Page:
One critical point of difference between hemp-derived CBD and marijuana-derived CBD is the resin content of each plant. Cannabis resin is found within the trichomes of buds and to a lesser extent on the leaves.
Marijuana plants usually contain copious amounts of resin, while industrial hemp plants contain significantly lower levels. Following that logic, marijuana offers a more abundant source of CBD than hemp. In order to extract CBD oil from hemp plants, a much larger quantity is needed.
There is an exception to this rule. Some emerging craft hemp varieties possess unusually high concentrations of CBD, such as Cherry Charlotte, Cobbler, and Berry Blossom. These cultivars contain between 12 to 20% CBD content with 0.3% THC or less.
Due to its low THC content, hemp-derived CBD products have no intoxicating effects on the user. In other words, you won’t get high off of CBD hemp products. Instead, you may feel relaxed, more alert, free of physical and mental discomfort, and notice positive changes in your overall well-being thanks to how CBD works in the endocannabinoid system. CBD from marijuana can get the user high, although the psychoactive effects of such products are less intense since CBD counteracts THC’s intoxicating properties. In addition, marijuana-derived CBD acts as a strong analgesic, relaxant, anti-depressant, and can tackle a wide range of chronic, often treatment-resistant, conditions.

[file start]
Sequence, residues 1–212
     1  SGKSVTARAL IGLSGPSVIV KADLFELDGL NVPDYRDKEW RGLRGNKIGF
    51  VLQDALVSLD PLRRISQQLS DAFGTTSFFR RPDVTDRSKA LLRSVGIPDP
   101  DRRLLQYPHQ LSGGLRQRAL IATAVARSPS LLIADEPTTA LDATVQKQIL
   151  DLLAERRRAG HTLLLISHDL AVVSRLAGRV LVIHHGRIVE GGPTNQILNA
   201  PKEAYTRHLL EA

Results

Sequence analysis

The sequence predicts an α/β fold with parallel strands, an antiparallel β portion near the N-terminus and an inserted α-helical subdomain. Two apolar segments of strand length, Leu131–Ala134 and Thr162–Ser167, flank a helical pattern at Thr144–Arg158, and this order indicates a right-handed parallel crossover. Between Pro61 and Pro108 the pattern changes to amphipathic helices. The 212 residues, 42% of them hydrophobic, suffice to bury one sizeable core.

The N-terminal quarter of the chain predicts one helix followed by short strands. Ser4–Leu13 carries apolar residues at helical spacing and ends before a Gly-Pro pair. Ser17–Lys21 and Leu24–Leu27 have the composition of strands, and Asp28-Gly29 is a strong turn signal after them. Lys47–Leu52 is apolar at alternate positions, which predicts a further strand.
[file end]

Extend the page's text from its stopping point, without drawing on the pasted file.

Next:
Knowing where and how your CBD is sourced will have a major effect in contamination levels. Naturally, hemp is a phytoremedial plant that removes pollutants such as heavy metals and chemicals from soil. But a lack of stringent local regulations surrounding the production and refinement of hemp could lead to highly contaminated CBD products.
For instance, in China, there are few regulations enforced upon the agricultural industry, leading to the production of hemp-derived CBD products that tend to contain high levels of contaminants. Studies show that, due to the country’s mining activities, some regions in China have water and soil that are contaminated with heavy metals.
These contaminants manifest as toxicants within the hemp and may potentially taint CBD sourced from these plants. In order to remove the risk of ingesting contaminated CBD, it is safer to consume hemp-derived CBD products, which are grown without chemical pesticides and third-party tested.